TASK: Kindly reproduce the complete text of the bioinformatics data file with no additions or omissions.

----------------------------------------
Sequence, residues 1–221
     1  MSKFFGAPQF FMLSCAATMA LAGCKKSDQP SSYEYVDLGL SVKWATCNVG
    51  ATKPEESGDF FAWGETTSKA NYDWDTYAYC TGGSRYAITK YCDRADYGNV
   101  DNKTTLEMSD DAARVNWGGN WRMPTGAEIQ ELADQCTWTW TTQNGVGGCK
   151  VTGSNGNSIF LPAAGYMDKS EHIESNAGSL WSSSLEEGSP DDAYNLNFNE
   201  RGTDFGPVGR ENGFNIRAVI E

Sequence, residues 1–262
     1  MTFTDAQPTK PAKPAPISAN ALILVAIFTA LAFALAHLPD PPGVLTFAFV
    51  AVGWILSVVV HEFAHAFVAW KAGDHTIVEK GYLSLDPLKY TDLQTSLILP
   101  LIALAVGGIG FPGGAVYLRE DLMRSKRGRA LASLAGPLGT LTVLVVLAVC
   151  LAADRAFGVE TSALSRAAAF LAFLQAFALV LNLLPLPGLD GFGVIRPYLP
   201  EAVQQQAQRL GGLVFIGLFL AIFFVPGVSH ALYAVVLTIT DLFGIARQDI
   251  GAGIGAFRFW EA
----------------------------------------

Sequence, residues 1–221
     1  MSKFFGAPQF FMLSCAATMA LAGCKKSDQP SSYEYVDLGL SVKWATCNVG
    51  ATKPEESGDF FAWGETTSKA NYDWDTYAYC TGGSRYAITK YCDRADYGNV
   101  DNKTTLEMSD DAARVNWGGN WRMPTGAEIQ ELADQCTWTW TTQNGVGGCK
   151  VTGSNGNSIF LPAAGYMDKS EHIESNAGSL WSSSLEEGSP DDAYNLNFNE
   201  RGTDFGPVGR ENGFNIRAVI E

Sequence, residues 1–262
     1  MTFTDAQPTK PAKPAPISAN ALILVAIFTA LAFALAHLPD PPGVLTFAFV
    51  AVGWILSVVV HEFAHAFVAW KAGDHTIVEK GYLSLDPLKY TDLQTSLILP
   101  LIALAVGGIG FPGGAVYLRE DLMRSKRGRA LASLAGPLGT LTVLVVLAVC
   151  LAADRAFGVE TSALSRAAAF LAFLQAFALV LNLLPLPGLD GFGVIRPYLP
   201  EAVQQQAQRL GGLVFIGLFL AIFFVPGVSH ALYAVVLTIT DLFGIARQDI
   251  GAGIGAFRFW EA